Personality Test
George Washington - Guardian Supervisor (ESTJ) Mother Teresa - Guardian Protector (ISFJ) Albert Einstein - Rational Architect (INTP) Margaret Thatcher - Rational Fieldmarshal (ENTJ) Mikhail Gorbachev - Idealist Teacher (ENFJ) Eleanor Roosevelt - Idealist Counselor (INFJ) Elvis Presley - Artisan Performer (ESFP) Jacqueline Onasis - Artisan Composer (ISFP) Dolley Madison - Guardian Provider (ESFJ) Queen Victoria - Guardian Inspector (ISTJ) Walt Disney - Rational Inventor (ENTP) Dwight David Eisenhower - Rational Mastermind (INTJ) Thomas Paine - Idealist Champion (ENFP) Princess Diana - Idealist Healer (INFP) Charles Lindberg - Artisan Crafter (ISTP) George S. Patton - Artisan Promoter (ESTP)

Is Your Job a Poor Fit?

Are you feeling burned out? Is your job too stressful or too boring? If so, it is time to determine just how your job is being a poor fit.

There are many ways a job can become a poor fit.

  • Sometimes the job is just too much and you become too tired. If you can't get some relief from the pressure, you may suffer health problems.

  • Other times the job was chosen because it was just there and available but has never interested you. You're not liable to be a well-paid success in such a situation.

  • Some people get into professions that are poor fits for their interests and talents. Perhaps they are pleasing their parents or just have never figured out what they are good at.

  • If the company's values or principles are in conflict with your own, the match will not be good.

Overwork and stress: Idealists and Guardians are the most susceptible to health problems due to overwork and stress. It is important that they find ways to refresh themselves.

Took the easy way out: It's hard to be enthusiastic about a job that you didn't choose. Rationals are the least likely to make this choice, but any type can be caught if there is too much pressure or too little opportunity in the market. If you live in a small town, your opportunities may be limited, but if you live in a larger city, you will have more options. Look at the action steps given in Uninteresting Job. See if these trigger thinking for you.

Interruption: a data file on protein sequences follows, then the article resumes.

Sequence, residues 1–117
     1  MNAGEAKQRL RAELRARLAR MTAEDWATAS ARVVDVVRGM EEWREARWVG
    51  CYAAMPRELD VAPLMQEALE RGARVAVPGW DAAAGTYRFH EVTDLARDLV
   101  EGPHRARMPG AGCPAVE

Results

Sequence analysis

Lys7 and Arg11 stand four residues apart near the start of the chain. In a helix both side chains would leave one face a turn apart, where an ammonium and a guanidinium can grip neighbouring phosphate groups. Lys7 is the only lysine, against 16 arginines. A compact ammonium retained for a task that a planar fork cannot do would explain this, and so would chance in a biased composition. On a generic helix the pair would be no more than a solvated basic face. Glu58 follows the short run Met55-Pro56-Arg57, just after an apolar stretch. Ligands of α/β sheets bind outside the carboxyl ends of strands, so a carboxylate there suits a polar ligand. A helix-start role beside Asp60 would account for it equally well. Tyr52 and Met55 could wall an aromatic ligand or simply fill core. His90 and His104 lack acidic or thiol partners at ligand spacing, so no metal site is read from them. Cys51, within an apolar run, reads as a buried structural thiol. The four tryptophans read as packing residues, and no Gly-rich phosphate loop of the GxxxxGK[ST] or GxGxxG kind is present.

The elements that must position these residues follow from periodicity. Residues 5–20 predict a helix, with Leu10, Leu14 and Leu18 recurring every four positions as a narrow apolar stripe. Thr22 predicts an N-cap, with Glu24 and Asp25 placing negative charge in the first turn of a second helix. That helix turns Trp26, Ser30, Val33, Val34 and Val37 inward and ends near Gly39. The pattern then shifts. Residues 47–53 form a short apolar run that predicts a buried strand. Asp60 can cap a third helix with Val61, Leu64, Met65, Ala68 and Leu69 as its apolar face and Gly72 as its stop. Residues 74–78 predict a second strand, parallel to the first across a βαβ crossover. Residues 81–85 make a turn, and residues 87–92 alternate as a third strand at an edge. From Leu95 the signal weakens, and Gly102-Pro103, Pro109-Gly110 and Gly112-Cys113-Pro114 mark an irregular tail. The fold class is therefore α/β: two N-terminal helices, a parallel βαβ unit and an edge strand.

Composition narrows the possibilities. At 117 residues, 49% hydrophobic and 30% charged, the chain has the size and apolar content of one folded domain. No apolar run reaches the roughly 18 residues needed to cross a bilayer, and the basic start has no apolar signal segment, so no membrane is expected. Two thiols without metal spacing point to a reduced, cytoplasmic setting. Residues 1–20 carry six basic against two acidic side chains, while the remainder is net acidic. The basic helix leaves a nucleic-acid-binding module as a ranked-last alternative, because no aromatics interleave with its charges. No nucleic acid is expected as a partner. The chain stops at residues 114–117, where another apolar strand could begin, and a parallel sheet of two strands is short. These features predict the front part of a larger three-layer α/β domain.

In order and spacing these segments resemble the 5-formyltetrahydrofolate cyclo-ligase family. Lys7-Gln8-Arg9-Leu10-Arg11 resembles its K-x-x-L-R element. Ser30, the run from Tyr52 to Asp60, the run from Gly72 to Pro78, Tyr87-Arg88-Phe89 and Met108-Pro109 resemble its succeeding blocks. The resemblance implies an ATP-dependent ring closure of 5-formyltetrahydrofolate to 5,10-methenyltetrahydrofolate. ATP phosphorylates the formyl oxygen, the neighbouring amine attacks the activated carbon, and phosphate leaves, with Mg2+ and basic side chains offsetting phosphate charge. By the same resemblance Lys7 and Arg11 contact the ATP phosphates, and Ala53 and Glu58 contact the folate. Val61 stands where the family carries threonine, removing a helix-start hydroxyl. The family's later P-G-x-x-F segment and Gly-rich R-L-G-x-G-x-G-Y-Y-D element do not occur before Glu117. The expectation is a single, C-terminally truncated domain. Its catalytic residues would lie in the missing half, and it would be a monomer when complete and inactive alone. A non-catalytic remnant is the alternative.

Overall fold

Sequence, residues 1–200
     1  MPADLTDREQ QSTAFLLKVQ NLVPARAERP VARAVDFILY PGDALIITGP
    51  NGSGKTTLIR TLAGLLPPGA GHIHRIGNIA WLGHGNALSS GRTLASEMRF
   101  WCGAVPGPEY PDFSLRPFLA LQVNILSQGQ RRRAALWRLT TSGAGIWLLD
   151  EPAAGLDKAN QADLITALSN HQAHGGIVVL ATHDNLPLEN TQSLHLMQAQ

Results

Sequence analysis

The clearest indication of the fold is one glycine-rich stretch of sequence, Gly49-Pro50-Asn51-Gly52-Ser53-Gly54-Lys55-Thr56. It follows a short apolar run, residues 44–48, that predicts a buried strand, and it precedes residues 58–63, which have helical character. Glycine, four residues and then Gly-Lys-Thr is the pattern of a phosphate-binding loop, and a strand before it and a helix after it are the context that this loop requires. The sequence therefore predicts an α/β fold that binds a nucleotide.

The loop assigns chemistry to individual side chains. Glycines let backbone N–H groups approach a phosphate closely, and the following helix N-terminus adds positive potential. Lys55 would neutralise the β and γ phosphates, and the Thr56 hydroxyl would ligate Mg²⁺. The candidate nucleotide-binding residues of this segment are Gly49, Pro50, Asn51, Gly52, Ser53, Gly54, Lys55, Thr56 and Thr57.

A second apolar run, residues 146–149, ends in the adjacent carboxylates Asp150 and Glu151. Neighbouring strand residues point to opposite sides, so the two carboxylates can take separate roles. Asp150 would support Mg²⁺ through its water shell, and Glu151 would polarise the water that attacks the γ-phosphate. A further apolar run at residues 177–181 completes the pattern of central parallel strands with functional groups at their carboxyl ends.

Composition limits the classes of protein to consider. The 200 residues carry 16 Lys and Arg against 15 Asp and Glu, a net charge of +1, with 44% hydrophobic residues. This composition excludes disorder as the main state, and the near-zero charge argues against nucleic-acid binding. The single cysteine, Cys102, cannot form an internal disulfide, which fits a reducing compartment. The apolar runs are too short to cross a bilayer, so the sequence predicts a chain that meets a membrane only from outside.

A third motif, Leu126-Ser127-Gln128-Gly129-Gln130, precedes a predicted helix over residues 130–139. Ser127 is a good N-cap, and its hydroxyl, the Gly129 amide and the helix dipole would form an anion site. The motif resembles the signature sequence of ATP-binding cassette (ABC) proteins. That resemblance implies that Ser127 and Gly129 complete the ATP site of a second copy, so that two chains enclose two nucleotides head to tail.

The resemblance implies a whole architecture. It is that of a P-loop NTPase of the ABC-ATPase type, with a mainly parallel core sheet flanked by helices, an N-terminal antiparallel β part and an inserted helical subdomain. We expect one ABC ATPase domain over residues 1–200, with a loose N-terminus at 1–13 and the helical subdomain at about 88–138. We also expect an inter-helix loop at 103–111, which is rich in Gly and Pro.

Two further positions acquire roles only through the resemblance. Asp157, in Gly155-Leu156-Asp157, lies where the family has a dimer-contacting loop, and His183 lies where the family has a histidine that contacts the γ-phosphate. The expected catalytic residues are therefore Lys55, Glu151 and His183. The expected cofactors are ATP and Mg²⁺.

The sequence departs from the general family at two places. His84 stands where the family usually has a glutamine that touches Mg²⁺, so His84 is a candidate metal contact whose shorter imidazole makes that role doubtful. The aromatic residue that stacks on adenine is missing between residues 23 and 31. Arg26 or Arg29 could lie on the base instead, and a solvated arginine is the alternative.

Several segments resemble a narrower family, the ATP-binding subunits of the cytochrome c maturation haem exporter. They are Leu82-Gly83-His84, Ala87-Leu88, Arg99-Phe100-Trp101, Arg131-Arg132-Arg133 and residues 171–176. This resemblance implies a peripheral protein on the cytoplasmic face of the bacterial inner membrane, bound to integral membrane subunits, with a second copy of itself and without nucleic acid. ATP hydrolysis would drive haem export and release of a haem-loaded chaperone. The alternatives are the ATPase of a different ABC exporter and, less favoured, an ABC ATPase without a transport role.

Uninteresting job: Any type can find themselves caught in an uninteresting job. Here are ways of finding better fits. First, make a list of your talents. Second, make a list of the type of articles or magazines that you read. Some of these talents and interests you want to keep as hobbies. Others are skills you want to sell. Third, make a list of things you'd like to learn that might be salable. These lists will help trigger opportunity thinking. Last, list other jobs and/or companies that might be interesting to you. How could you get the jobs or be able to work at the companies that interest you?

Values or Principles conflict: Those who score F on the Sorter are more likely to experience values conflicts while those who score T are more likely to experience principles conflict. If the type of work is satisfying but the values or principles are in conflict, people may sometimes experience a sense of paralysis. It's bad - but it is bad enough? The answer is usually "Yes!" Unfortunately people may stay in these situations for so long that it affects their health.

 

Temperament and Careers

Planning Process
Finding Your Passion
Your Current Situation
Who Am I?
What Are My Options?
Evaluating Options
Creating an Action Plan

Selection Process
Informational Interviewing
The Toughest Question
Evaluating an Offer
Salary Negotiations

Succeeding On The Job
Your Boss
Dress For Success
Successful Presentations
Working From Home
Dealing With Stress
In a Shrinking Job Market

Making Changes
When to Take Risks?
Taking a Job in a New City
Who Will Get Laid Off?
Is Your Job a Poor Fit?
Networking is Key

Where the Jobs Are
Healthcare: Many Opportunities


Keirsey Products and Services
Individual Assessments
Team Assessments
Temperament Certification
One-on-one Coaching
Team Building Workshops
Company-wide Conferences

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